Thursday, September 17, 2009
Traveling to Guernsey...
Alas, it was only in my mind. But if you haven't visited, you must go there. Read the book, I mean, if travel to one of the Channel Islands (between the UK and France) is out of your budget.
I wasn't sure what to expect at first when I realized this was a novel composed entirely of letters, and there were a few parts early on where I had trouble keeping the characters straight, but that could all be chalked up to sporadic reading opportunities for the first several days.
The novel begins in England in 1946, post WW2 of course, and the main character is Juliet Ashton, a writer who has won great fame for her recent publication of a collection of her articles written during the war. As she ventures from London on book tours, she receives a letter from a gentleman named Dawsey Adams, who lives on Guernsey, asking for her opinion about a book that she once owned.
She had to sell it as she had two copies and needed money, and this man now owns it. He wants to know about her notes in the margin. Thus begins their correspondence, a series of inter-channel letters that eventually spreads to include Juliet's publisher, her school chum, and the members of Dawsey's literary society. It doesn't take long for Juliet to become entranced with their story, or for the reader either.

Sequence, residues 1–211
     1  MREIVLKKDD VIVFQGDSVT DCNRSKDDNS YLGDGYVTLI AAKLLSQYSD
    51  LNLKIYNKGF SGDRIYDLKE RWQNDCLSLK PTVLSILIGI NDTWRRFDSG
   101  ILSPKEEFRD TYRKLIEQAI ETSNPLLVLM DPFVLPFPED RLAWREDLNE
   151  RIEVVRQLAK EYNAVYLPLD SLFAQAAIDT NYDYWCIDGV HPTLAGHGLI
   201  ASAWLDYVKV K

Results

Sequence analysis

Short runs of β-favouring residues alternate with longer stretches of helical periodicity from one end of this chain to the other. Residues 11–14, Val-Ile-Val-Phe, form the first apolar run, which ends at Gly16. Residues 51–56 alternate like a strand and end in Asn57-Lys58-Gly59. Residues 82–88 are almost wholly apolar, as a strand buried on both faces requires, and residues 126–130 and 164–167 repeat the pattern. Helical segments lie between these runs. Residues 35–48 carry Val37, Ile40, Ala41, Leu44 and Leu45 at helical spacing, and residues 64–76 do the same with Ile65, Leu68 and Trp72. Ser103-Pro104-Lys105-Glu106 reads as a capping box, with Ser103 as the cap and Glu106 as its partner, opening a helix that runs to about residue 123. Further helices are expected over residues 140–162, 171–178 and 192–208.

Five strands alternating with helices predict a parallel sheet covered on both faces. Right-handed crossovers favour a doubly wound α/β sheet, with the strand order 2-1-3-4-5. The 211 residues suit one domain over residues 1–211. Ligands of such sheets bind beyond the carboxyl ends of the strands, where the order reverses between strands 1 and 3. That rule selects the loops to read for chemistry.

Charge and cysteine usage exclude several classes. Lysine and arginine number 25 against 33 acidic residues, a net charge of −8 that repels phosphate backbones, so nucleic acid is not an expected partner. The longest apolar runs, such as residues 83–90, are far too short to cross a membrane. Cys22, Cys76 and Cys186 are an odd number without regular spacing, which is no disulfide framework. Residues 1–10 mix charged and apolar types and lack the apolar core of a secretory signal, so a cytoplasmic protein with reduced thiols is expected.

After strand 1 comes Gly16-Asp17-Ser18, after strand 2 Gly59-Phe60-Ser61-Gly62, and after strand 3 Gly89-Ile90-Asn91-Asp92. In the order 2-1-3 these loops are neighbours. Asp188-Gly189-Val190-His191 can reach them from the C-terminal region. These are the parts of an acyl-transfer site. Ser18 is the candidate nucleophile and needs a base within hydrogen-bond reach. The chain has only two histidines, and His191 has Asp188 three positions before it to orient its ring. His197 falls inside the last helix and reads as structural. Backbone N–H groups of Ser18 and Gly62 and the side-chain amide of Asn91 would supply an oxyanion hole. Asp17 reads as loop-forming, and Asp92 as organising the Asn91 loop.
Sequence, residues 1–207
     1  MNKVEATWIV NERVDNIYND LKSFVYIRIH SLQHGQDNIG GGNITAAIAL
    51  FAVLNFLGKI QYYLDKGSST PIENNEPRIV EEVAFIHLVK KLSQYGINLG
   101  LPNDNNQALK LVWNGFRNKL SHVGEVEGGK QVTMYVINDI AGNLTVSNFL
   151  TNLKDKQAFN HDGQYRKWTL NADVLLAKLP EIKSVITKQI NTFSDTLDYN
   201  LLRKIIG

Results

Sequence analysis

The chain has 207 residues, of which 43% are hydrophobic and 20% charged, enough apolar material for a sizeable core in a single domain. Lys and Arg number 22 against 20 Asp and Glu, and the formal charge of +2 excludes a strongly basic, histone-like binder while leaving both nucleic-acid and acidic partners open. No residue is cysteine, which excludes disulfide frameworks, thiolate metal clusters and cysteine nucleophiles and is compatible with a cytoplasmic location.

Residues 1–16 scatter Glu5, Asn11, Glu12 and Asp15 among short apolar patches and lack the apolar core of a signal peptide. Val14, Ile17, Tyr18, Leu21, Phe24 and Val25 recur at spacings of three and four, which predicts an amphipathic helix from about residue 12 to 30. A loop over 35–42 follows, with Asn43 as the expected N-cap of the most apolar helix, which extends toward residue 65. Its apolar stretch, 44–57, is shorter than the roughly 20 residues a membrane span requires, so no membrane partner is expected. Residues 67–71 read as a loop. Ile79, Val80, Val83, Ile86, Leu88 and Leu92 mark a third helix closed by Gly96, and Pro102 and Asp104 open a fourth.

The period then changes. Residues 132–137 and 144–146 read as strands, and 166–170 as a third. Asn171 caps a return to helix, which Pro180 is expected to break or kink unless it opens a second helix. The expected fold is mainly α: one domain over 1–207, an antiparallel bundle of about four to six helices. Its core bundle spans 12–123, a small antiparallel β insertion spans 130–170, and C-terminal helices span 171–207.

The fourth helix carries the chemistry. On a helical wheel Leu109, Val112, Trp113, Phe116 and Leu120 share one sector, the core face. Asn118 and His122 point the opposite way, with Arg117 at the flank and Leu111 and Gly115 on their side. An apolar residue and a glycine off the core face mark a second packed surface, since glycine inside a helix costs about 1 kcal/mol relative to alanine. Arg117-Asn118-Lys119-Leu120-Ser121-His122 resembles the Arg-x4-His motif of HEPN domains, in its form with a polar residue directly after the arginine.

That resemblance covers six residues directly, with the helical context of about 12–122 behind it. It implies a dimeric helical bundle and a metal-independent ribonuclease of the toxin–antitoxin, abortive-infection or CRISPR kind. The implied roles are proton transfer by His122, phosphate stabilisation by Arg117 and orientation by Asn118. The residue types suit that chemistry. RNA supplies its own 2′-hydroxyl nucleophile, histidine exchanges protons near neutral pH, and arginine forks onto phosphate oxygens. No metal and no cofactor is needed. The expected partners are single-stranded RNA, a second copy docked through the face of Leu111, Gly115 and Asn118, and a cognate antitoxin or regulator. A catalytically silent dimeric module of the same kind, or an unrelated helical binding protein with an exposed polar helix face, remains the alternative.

Guernsey was occupied by German soldiers for the last five years of the war, and during the occupation, the islanders had to scrounge for food, using their wits to survive. Many of them had kept pigs, but the Germans declared them to be army property--although the islanders were responsible for the pigs' care. The Guernsey literary society began one night after a pig died.
Yes, that's right. A dead pig. Seems those Germans weren't too bright, and when they came to inspect and fill out the form for the dead pig, they didn't do anything with the carcass. Remember how I mentioned the resourcefulness of the islanders? Well, they carted the dead pig to another farm, called the Germans and said a pig had died, had the inspection, and took the dead pig to another farm, keeping it up until the carcass became too corrupt for such shenanigans. In this way, several farmers got to keep an extra pig off the German record, and after a dinner party featuring roast pork, a party of islanders were caught coming home long after curfew. When asked where they had been, one young woman blurted that they had been at a meeting of the Guernsey Literary Society. And that's how it began.
I'm not doing the book justice, I fear. You simply have to read it. The characters leap, laughing, off the page, and you will quickly find yourself entranced by their story. I guarantee you'll love crazy Isola, who flits from one obsession to the next. Dawsey and Eben and Elizabeth are endearing. You'll want to adopt precocious little Kit, and you'll wish you had a friend like Juliet.
Oh, and you'll probably want to stop texting and emailing and start writing letters again. And visit Guernsey, of course.
That's how I feel. Completely sucked in and sad to have turned the last page.